• Posted on: 09/16/2019

    Will bringing the outdoors inside stores work for J.C. Penney?

    Looking at this as a separate initiative, and resisting the temptation to judge whether it will solve all of J.C. Penney's problems (which misses the point), I like many things about this program: The athleisure movement is getting played out and hitting saturation. Outdoor crossover is potentially the next big thing and J.C. Penney is smart to invest in it and put a stake in the ground as an affordable alternative. Although St. John's Bay Outdoor is being called a new brand, it's more of a spin-off of an established J.C. Penney private brand (St. John's Bay). It is shrewd of J.C. Penney to tap into existing brand equity and awareness rather than attempting to start from scratch. St. John's Bay Outdoor launched this week and the actual shops will follow next month. This phased approach will give St. John's Bay Outdoor an opportunity to take hold before the shops launch. I like that J.C. Penney is merchandising well-known national brands alongside St. John's Bay Outdoor rather than taking an our-brand-vs-your-brand approach. Finally, creating a shop-within-a-shop concept will make a bigger impact and tell a more cohesive story. There will be plenty of flannel shirts hitting the floor in fall/winter. The shops will keep the new offerings from getting lost in the shuffle. The program checks many boxes. Hopefully J.C. Penney is ready to pull the trigger on a chain-wide rollout when it rocks (I'm taking the optimistic tack here)!
  • Posted on: 09/11/2019

    Will Walmart have more success creating consumer direct brands than acquiring them?

    It does go back to retail's central question: buy, build or bridge? The answer these days is "all of the above" and winning retailers will shift among these strategies when it makes sense. In some cases, that may mean buying the way to innovation (or brand expansion) through acquisition, then shifting to DIY. These shifts should not be portrayed as failures by default and in fact exemplify the growing agility of behemoth retailers like Walmart. Amazon created piles of private brands practically overnight on a scale that retail has never seen. All were incubated in the digital space and many have no clear association with Amazon (intentionally). I forecasted the adoption and eventual proliferation of this "secret" brand movement a while back as the next evolution of private brands. Welcome to the party, Walmart!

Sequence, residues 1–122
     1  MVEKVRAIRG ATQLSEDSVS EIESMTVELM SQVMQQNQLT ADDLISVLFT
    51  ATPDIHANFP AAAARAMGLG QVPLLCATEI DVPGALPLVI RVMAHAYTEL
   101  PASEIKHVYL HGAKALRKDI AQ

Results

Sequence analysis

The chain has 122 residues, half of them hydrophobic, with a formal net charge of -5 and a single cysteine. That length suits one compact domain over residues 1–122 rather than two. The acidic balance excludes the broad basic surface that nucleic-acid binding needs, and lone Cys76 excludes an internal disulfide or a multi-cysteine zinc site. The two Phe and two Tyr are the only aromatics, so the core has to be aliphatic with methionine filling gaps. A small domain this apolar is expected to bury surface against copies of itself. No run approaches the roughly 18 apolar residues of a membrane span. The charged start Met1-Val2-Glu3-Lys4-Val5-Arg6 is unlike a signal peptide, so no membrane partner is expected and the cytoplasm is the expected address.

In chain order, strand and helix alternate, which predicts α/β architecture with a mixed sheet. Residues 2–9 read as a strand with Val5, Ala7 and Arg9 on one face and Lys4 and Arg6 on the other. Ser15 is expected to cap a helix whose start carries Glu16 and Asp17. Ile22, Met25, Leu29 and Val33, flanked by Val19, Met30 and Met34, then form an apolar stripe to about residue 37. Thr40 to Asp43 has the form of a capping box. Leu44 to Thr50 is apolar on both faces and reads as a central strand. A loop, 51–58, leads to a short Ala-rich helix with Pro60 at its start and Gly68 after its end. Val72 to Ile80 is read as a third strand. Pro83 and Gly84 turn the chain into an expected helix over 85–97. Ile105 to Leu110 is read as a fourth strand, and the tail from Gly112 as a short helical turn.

• Posted on: 09/10/2019

    Nordstrom Local hopes for big returns from the competition

    On one hand, Nordstrom's latest frenemy foray seems ingenious. Not only can Nordstrom potentially poach Macy's and Kohl's shoppers, it can even gather data on the types of merchandise shoppers are returning. Even so, I can't imagine that a significant number of shoppers actively shop at all three retailers and that those who do will think of Nordstrom Local as a convenient return hub for non-Nordstrom purchases. It's no harm, no foul for now.
  • Posted on: 09/10/2019

    Will a loyalty program give Americans more reasons to shop at Target?

    REDcard, Cartwheel, Target Circle ... For now these programs seem to be complementary, however Target could be at the tipping point of over-complicating its loyalty and promotional offerings. Hopefully Target is gathering meaningful data on how shoppers are moving between the programs and taking the opportunity to make refinements leading into the holiday shopping season. Glitch-free, seamless synergy will be key to adoption and value-add perception. Confusion will alienate customers.
  • Posted on: 08/28/2019

    Innovation: Are retailers trying to do too much?

    These days, the core is no more. The good news is that even the most insular retailers have learned how to walk and chew gum at the same time. Target and Walmart are examples of retailers that have fully embraced the power of strategic partnerships and in Walmart's case, acquisitions, to accelerate innovation. Bottom line, retailers aren't having to go it alone or rely solely on their (former) core capabilities. My advice remains to buy (acquire), build (internally) and bridge (partner) simultaneously based on an honest assessment of competence and opportunity. Flexing between these options is the future. Retailers don't have to juggle all the pins.
  • Posted on: 08/26/2019

    Trump’s tariff war escalates

    When I talk to my clients, whether they’re fashion or CPG companies, brand marketers, technology providers, they’re all sweating the tariffs, but it’s the unpredictability and volatility that’s freaking them out because it impacts their ability to plan their business. The fundamental premise is all wrong because the tariffs are rooted in political punishment rather than providing actual benefits to U.S. companies. The obvious repercussions are higher prices, however, larger, diversified companies have options: